There is a big difference between losing not having severe consequences and 'always winning'.  Plenty of games are very hard to beat but have no real punishments for losing.  Heck,  in a game as simple as Minesweeper, you usually have a less than 50% chance of winning. 

    For competive people the mere fact that they did not win is enough punishment to motivate them to do better next time.   I guess people who need harsh penalties for losing are simply not motivated enough to try and win.

  • nariusseldonnariusseldon santa clara, CAPosts: 22,441Member

    Yeah .. you don't have to have things to lose to have risks and challenge.

    For example, players work very hard, and find new builds to make running low MP levels faster in D3.

    So the game is not overcoming a difficult boss in those case, but to make farming efficient.

    (Not that it is the only game .. there are those who are working on how to do high MP levels too).

     

  • SovrathSovrath Boston Area, MAPosts: 18,452Member Uncommon
    Originally posted by maplestone

    It is a common belief that there can be no victory without the threat of defeat.  Do you agree?  If that threat of defeat is needed, does it need to be more than an illusion?  If so, then do you have a prefered way of losing?

    When visiting message boards of particular games I will often see rage threads about X, Y or Z (not great for community).  Ragequits happen (not great for business). There even grow whole subcultures of players with permanent grudges - about RNG, about over/under-powered classes, about developers just hating players.  Is rage and resentment simply an inevitable consequence of human nature in a game where you don't always win?  Or are there good and bad ways to handle a player failing at some task that make them happier in the long run?

    1, people with issues are going to be people with issues. whether they play video games, football, golf, their favorite team failing, etc.

    2, I don't require a tangible result of failure to "feel" failure. If I failed then that already has a great impact on me.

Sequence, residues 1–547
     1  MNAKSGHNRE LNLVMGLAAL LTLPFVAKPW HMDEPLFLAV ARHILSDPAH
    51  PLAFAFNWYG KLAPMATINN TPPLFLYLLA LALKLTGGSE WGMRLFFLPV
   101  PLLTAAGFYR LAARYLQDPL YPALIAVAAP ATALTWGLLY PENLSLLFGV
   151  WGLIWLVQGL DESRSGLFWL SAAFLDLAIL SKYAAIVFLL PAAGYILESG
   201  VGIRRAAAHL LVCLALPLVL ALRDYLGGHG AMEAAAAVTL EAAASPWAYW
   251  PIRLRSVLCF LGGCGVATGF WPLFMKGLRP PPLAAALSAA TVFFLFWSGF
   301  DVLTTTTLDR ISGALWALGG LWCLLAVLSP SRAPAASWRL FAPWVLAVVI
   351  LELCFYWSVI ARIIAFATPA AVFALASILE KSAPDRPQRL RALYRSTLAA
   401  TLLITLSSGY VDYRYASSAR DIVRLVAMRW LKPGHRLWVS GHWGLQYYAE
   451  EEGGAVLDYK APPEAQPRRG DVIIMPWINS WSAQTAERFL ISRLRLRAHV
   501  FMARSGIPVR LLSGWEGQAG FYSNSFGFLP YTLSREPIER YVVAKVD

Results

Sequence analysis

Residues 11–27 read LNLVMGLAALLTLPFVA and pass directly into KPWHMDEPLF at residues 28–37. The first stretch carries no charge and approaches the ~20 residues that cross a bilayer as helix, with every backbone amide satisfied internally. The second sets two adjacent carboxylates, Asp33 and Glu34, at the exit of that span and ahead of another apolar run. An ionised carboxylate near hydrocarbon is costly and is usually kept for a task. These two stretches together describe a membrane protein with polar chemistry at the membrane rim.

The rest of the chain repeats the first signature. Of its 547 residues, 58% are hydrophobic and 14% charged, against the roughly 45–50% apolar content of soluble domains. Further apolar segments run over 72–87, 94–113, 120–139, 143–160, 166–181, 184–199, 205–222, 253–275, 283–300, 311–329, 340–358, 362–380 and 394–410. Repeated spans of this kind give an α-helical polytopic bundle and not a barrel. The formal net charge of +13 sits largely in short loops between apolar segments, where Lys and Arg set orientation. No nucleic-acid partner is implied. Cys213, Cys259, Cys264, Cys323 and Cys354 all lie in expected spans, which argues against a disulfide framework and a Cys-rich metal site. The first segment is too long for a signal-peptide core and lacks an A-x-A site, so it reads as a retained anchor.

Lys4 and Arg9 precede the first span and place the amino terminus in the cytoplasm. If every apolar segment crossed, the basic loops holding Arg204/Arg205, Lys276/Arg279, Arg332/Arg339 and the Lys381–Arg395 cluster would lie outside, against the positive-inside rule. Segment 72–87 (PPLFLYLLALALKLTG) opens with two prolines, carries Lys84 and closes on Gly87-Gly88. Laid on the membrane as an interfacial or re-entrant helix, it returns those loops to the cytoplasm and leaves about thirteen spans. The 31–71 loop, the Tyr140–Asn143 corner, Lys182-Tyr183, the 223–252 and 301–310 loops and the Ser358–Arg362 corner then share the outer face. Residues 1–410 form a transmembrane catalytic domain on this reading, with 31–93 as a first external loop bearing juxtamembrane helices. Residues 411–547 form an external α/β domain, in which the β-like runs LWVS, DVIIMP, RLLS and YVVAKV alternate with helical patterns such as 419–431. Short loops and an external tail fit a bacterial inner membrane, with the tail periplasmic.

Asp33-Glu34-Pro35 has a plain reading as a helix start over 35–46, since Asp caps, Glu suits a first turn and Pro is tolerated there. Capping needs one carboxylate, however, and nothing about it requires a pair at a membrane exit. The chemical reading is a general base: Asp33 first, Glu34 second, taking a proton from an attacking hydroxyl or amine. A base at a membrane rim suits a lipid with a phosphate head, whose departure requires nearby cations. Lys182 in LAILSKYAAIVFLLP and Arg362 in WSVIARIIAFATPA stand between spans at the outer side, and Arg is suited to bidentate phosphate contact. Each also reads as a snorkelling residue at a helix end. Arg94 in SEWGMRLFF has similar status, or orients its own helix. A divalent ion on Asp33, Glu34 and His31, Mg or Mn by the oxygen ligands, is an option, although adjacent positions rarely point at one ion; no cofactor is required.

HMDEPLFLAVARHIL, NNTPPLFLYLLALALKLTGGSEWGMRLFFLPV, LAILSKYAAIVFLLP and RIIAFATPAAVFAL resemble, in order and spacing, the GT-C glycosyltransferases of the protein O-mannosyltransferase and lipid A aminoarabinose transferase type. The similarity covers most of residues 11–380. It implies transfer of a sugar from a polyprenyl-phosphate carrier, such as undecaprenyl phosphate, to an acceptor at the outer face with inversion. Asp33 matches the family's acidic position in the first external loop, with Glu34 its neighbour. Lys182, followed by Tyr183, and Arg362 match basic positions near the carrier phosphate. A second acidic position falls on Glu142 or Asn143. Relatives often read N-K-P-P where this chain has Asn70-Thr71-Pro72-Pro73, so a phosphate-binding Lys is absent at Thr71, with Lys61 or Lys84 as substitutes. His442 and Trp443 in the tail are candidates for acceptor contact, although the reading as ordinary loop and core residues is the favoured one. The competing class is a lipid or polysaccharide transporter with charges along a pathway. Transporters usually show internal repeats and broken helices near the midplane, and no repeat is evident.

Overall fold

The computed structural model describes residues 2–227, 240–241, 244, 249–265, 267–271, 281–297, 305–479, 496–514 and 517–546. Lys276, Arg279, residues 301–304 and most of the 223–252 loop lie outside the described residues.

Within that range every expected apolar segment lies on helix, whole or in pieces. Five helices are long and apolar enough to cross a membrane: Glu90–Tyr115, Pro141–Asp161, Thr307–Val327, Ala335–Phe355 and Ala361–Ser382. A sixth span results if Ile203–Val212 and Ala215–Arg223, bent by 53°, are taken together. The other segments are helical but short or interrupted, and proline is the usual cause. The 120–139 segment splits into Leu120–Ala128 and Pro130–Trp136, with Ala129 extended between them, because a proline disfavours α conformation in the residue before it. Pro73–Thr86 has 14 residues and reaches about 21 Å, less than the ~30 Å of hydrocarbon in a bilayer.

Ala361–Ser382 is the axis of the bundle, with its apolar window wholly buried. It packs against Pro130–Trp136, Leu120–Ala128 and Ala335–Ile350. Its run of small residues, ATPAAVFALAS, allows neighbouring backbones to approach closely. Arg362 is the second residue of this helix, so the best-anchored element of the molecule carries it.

• paulythebpaulytheb Wauwatosa, WIPosts: 261Member Uncommon

    While I hated getting caught in UO or EVE, because getting caught usually meant dying and losing several hours of work.

    I must admit it was much more thrilling being chased through space or across the continent in those games than it ever was in WoW or its children. (EQ's system was much more punitive than WoW, but not perfect either.)

    When dying simply means you have to wait 30 seconds before running right back into the fight, well then you have nothing to lose. Having nothing to lose eliminates the thrill.

    I don't really have a prefered way of losing. I think no game has gotten it quite right yet.I would like to see death be a more meaningful event than going to jail in a MMO.I think you should be very very afraid of dying and it would certainly not be an event you would want to repeat twice in the same week.

     

    Here is a stab at a better system-

    Lets say players below a certain level or skill plateau have a spell/tech ability/whatever of protection that returns them to their home city instead of absorbing fatal damage. This protects the newbies.

    Once a player has reached a certain plateau they must pick a diety/organization/clan and maintain the tenets and beliefs of that group or risk being cast out.The player would then be protected under the umbrella of that groups death protection. Depending on the disposition of the group lawful/chaotic/whatever the player may need to make payments, or do daily quests, or make sacrifices or run a grand difficult quest, or lots of other ways to go with that depending on the group. Only after making the proper gestures to the group would the player then be protected from dying in the field.(after the first time) The more advanced the character the steeper the price of such protection.Dying should be a big deal.The idea of working with peasants or in the fields for a week to regain the dieties good graces would certainly keep me from being overly reckless.

    Character cast out would risk the Void if they did not latch on to a new group fast enough.Which of course would be a lot of work to prove yourself to the new group. This would make the sudden turn of heart from good to evil a tricky proposition indeed if a permadeath was possible due to your treachery.

    A few abilities to protect groups from dungeon wipes and maybe a few more rules and kinks to work out of course.

    This is just off the top of my head, but it sounds more interesting to me than just a respawn and,"Ok lets go try to kill the Giant again!"

    ( Note to self-Don't say anything bad about Drizzt.)

    An acerbic sense of humor is NOT allowed here.

  • nariusseldonnariusseldon santa clara, CAPosts: 22,441Member
    Originally posted by paulytheb